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Diagnostic accuracy of magnetic resonance imaging for partial tears of the long head of the biceps tendon in patients with rotator cuff tears

Open AccessPublished:April 02, 2022DOI:https://doi.org/10.1016/j.jseint.2022.03.001

      Background

      Magnetic resonance imaging (MRI) is useful for diagnosing shoulder diseases preoperatively. However, detection of partial tears of the long head of the biceps tendon (LHBT) using current clinical tests and imaging modalities is difficult. We aimed to evaluate the accuracy of radial-slice MRI for diagnosing partial tears of the LHBT. We hypothesized that radial-slice MRI may be a valuable diagnostic tool for assessing diagnosing tears of the LHBT.

      Methods

      We retrospectively investigated 118 patients who underwent shoulder arthroscopy for rotator cuff tears. Intraoperative LHBT findings were compared with the identification of partial tears of the LHBT on conventional-slice MRI and radial-slice MRI, using a 3.0-T system. We calculated sensitivity, specificity, accuracy, and positive and negative predictive values for the detection of LHBT tears. Inter- and intraobserver reliability for radial-slice MRI was calculated using kappa statistics.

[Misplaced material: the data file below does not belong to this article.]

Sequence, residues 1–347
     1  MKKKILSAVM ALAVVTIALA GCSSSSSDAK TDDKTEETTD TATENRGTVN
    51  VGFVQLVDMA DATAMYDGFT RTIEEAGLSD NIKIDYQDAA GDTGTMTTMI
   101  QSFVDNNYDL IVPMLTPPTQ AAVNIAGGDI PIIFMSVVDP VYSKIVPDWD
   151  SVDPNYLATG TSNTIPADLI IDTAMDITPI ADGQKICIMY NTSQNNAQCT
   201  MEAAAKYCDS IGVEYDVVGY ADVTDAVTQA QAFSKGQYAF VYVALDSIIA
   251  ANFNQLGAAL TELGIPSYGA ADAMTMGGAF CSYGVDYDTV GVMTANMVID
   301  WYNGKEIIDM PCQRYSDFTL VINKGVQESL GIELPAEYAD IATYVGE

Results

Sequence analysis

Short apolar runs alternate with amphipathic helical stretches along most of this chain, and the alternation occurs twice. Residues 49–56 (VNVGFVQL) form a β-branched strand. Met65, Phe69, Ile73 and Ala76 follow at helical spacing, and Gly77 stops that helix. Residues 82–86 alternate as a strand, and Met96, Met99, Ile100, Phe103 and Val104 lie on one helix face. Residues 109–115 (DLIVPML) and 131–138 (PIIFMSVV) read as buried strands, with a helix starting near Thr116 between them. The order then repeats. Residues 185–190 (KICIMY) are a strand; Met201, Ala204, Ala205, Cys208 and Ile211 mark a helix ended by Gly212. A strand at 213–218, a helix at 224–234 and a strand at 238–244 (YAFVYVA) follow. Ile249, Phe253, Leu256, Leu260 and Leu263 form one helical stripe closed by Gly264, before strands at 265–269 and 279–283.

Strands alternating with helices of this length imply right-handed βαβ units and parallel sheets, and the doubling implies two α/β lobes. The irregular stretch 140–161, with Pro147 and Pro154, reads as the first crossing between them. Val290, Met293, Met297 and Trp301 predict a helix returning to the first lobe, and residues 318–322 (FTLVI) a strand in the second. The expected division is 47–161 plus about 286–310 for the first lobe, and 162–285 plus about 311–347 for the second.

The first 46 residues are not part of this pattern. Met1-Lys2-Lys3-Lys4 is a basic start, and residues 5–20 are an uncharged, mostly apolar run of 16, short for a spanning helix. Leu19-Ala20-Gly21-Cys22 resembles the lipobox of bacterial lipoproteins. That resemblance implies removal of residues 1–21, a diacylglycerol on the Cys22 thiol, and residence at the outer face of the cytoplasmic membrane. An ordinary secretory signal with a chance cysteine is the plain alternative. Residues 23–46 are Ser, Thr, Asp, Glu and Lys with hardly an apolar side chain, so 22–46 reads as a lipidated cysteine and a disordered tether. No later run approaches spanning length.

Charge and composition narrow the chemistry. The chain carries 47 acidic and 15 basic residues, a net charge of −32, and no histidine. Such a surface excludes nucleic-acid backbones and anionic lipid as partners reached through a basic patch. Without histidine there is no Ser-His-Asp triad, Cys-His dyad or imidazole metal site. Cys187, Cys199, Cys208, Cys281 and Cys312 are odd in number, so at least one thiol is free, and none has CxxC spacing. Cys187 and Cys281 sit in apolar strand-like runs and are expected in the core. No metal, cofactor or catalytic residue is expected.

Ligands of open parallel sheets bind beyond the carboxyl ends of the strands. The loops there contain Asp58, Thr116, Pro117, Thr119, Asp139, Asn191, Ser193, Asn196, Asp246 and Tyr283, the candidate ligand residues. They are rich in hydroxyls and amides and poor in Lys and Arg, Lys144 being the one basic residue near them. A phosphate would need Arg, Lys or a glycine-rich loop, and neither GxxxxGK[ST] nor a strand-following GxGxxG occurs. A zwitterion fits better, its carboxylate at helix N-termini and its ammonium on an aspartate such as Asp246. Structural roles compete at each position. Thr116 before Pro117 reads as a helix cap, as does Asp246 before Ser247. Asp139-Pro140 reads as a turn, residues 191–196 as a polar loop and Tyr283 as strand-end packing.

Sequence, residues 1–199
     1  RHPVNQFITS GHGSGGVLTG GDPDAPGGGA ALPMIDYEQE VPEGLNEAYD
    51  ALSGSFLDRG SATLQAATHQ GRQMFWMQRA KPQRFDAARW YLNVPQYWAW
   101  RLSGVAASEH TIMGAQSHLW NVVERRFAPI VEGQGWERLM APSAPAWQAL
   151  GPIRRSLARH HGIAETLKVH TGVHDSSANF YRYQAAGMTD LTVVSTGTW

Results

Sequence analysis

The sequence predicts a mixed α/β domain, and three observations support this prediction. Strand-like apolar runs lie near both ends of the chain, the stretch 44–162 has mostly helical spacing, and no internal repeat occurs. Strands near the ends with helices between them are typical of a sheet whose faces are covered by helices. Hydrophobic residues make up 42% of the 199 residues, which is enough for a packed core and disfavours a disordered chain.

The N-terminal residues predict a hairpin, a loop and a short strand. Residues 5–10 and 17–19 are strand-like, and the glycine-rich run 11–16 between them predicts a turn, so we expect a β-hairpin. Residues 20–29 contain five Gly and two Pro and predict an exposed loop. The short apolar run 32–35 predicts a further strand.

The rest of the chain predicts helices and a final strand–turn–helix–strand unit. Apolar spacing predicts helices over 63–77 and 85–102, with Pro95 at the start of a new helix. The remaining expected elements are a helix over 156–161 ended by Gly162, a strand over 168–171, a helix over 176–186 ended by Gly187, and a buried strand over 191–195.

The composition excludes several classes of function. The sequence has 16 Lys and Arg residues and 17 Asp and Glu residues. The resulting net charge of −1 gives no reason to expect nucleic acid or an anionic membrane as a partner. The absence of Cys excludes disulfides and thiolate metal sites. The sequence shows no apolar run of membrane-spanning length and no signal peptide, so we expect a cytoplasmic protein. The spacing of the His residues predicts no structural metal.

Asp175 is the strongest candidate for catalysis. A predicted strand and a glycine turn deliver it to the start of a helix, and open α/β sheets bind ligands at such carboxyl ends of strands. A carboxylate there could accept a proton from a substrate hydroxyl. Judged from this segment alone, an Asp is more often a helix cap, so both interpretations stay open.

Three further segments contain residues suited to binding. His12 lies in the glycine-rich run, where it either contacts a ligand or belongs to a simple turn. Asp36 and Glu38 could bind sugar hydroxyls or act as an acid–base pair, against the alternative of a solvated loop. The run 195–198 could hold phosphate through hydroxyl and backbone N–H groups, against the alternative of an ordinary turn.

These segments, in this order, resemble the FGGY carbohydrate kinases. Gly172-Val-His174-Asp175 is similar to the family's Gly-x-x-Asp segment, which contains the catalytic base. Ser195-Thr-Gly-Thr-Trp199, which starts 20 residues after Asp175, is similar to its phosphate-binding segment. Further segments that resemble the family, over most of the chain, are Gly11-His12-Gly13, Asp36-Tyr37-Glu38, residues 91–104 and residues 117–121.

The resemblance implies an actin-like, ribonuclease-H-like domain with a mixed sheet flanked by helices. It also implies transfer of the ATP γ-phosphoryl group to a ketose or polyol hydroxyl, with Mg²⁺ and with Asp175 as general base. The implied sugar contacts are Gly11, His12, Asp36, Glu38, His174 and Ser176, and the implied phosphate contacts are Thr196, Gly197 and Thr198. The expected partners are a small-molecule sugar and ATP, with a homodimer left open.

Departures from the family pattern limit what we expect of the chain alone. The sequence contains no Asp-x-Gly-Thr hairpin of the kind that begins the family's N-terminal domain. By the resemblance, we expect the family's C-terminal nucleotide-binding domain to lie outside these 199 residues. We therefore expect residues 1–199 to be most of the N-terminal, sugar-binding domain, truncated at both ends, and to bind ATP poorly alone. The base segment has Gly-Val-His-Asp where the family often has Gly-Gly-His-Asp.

Results

      We diagnosed 69 patients (58%) without any LHBT tears and 49 with partial tears (42%), arthroscopically. Sensitivity, specificity, accuracy, and positive and negative predictive values of conventional-slice MRI for detection of partial tears of the LHBT were 52%, 94%, 78%, 92%, and 58%, respectively. Radial-slice MRI had 84% sensitivity, 90% specificity, 86% accuracy, and 92% positive and 80% negative predictive values for partial tears of the LHBT. Inter- and intraobserver reliability for radial-slice MRI was 0.69 and 0.74, respectively, corresponding to high reproducibility and defined as good.

      Conclusion

      Radial-slice MRI demonstrated significantly higher sensitivity than conventional-slice MRI. These results indicate that radial-slice MRI is useful for diagnosing LHBT partial tears.

      Level of evidence

      Keywords

      Recent developments in shoulder arthroscopy have enabled us to diagnose abnormalities of the shoulder in detail. The long head of the biceps tendon (LHBT) has been considered a common source of shoulder pain.
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      Recently, LHBT tenotomy and tenodesis have been widely accepted as popular surgical procedures for the treatment of LHBT lesions.
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      Subsequent inappropriate surgical procedures based on the limitation for diagnosis of LHBT lesion could lead to poor postoperative outcomes.
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      • Ahrens P.M.